Those reading this commentary, though, are not content with gazing at an eschatological timeline for the fulfillment of our expectations. Even when we are fuzzy about knowing exactly how our own actions toward creation care participate in divine providence, we assume that they do matter in the divine scheme of the things. Our personal, congregational, policy, and other intentional behaviors that translate into good news for creation: these are all icons, too. Like Jesus’ healing of a crippled woman, ecological healings performed by the corporate body of Christ on earth—by those who belong to the church—also express and point to the Creator’s own renewing work in Christ and the Spirit.
Is it enough to think of our small steps towards addressing climate crisis as first fruits of a renewed creation that God will complete in the long run? So many of us are terrified about the fact that we need to make collective global changes now to avert the worst of global warming. Making our congregations and homes more energy efficient, using fewer plastics, encouraging our elected officials to support climate change policies—all we do seems necessary but insufficient. Climate activists can face our own form of Luther’s facere quod in se est obsession: it does not seem enough to “do what is in us” to do, and to let God take care of the rest. How do we know we have done enough to pull our weight in the body of Christ’s mission of healing? And what about when we know it is indeed “never enough?” When the good news of healing becomes a command that we are expected to perform collectively, it can trigger not only a worrywart syndrome, but outright despair.
Notice that in asking such questions, we are stepping outside the frame of Jesus’ disputation with the synagogue official. We have stepped into the crowd that bears witness to an iconic act of healing, and become that person in the crowd who wishes she could enter the disputation with another sort of question: Why aren’t all the sick healed? Why aren’t peace and righteousness shaping the whole of things? Why don’t you do more than heal one particular woman? Perhaps this person in the crowd begins to follow Jesus from afar. She notices that they are sent out in pairs to preach the good news and to heal others, too. Maybe she even joins in. But she’s still asking the big picture questions, triggered by the gap between messianic expectation and the width and depth of the world’s brokenness. A sign is not enough when—as Isaiah 58 announces—the well-being of the entire land is at stake.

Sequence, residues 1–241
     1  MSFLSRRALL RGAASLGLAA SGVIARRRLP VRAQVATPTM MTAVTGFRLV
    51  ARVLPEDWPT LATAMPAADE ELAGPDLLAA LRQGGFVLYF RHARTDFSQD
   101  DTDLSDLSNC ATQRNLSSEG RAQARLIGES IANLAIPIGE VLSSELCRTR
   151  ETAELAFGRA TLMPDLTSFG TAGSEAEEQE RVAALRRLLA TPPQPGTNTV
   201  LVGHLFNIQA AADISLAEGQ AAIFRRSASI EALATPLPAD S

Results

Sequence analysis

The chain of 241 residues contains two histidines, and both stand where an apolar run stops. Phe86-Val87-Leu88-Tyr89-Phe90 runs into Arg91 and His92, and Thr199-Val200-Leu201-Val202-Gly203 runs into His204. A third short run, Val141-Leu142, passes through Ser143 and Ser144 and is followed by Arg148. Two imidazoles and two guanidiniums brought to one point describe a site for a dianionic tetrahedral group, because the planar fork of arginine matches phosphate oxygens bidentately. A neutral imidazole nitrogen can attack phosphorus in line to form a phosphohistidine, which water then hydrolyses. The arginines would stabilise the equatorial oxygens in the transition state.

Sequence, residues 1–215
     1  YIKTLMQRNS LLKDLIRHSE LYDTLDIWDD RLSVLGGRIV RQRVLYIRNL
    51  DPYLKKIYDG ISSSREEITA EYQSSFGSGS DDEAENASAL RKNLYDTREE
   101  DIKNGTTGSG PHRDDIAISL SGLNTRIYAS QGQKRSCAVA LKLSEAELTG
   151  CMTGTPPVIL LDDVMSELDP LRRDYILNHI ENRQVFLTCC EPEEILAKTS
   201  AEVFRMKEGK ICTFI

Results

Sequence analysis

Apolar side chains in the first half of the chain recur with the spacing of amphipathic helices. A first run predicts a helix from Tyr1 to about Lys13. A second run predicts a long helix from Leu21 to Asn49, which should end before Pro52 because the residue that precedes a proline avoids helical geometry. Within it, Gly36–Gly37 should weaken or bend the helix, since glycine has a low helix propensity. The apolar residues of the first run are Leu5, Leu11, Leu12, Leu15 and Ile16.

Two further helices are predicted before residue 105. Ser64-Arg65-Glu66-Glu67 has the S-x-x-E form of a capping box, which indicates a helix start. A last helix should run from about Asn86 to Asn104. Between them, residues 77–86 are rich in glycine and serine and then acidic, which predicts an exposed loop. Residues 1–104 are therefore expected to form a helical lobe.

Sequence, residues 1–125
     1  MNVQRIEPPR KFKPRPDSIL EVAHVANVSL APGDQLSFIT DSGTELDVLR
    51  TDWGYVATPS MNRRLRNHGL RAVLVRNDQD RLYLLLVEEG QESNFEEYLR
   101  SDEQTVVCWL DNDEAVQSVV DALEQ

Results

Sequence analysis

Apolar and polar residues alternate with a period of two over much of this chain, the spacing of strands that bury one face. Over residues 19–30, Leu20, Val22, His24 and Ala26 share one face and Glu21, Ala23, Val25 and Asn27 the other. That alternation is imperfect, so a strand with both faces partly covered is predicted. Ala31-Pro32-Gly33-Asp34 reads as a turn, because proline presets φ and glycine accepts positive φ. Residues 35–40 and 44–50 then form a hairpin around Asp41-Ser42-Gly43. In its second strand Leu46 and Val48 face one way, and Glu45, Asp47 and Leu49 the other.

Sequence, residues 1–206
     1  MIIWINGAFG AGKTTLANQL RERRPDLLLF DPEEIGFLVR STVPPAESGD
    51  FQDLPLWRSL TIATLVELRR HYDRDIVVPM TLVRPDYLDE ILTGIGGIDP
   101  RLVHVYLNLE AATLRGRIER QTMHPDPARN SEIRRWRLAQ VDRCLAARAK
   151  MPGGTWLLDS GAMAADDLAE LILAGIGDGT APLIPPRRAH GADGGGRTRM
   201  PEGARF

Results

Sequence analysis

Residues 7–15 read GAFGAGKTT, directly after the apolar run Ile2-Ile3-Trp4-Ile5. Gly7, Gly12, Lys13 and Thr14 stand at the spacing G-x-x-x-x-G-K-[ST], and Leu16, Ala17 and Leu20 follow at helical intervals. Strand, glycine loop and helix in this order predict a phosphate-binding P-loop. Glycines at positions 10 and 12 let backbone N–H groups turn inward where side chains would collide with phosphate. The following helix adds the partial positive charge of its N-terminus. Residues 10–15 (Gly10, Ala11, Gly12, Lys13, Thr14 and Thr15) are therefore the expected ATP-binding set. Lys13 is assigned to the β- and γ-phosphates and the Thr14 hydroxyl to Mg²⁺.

Interestingly, the author of Hebrews shares this set of questions. Early in the life of the church, after the risen Jesus has ascended and sent down the Holy Spirit and promised to return, there were worrywarts. When would the first fruits of the Spirit give way to the full flourishing a Messiah was expected to bring? The community addressed in Hebrews is wondering whether they were misguided to think the story of Jesus added anything substantive to their yearnings for a better world—a promised land for a promised time.
The author of Hebrews tacks straight into this intangibility and spins it as a positive: “You have not come to something that can be touched, a blazing fire, and darkness, and gloom, and a tempest, and the sound of a trumpet, and a voice whose words made the hearers beg that not another word be spoken to them” (Hebrews 12:18-19). Unlike the site of revelation to Moses at Mt. Sinai, the new covenant mediated in Jesus (Hebrews 12:24) occurs in the heavenly Mount Zion, in “the city of the living God” (Hebrews 12:22). Rather than fear of physical contact with the destructive presence of God who descended to the earthly Mount Sinai (where “If even an animal touches the mountain, it shall be stoned to death,” Hebrews 12:21), in “the heavenly Jerusalem” there is multi-species rejoicing, including “the spirits of the righteous made perfect” through the blood of Jesus (Hebrews 12:22-24) who, as both High Priest and Sacrificed One, stands always at the Temple of God’s presence, interceding for us (Hebrews 4:14, 7:25, 10:9-10). At one level, then, the author of Hebrews says to those impatient with the fact that the earthly Jesus who healed so plainly has withdrawn out of sight: we may not be able, then, to see the work of the high priests offering sacrifices to God on our behalf, but we can trust that the intangible presence of Christ as High Priest is far more effective. It is in Hebrews that we get the whole motif of faith rooting itself in what is unseen (Hebrews 11:1), the promised land that lies above and ahead.
As so often throughout their creative midrash that reads in a Christological key so many beloved Jewish motifs—Mt. Sinai and Jerusalem, Abraham and the promised land, the priesthood—the author of Hebrews cultivates hope and fear in tandem. First, while we cannot see or touch the promised land while we live by faith, this should intensify rather than relax our vigilance in keeping the faith: “See that you do not refuse the one who is speaking, for if they did not escape when they refused the one who warned them on earth, how much less will we escape if we reject the one who warns from heaven!” (Hebrews 12:25). Here the author of Hebrews echoes the voice of Isaiah, that great worrywart for God, who conditions the well-being of the land on human practices of justice and service.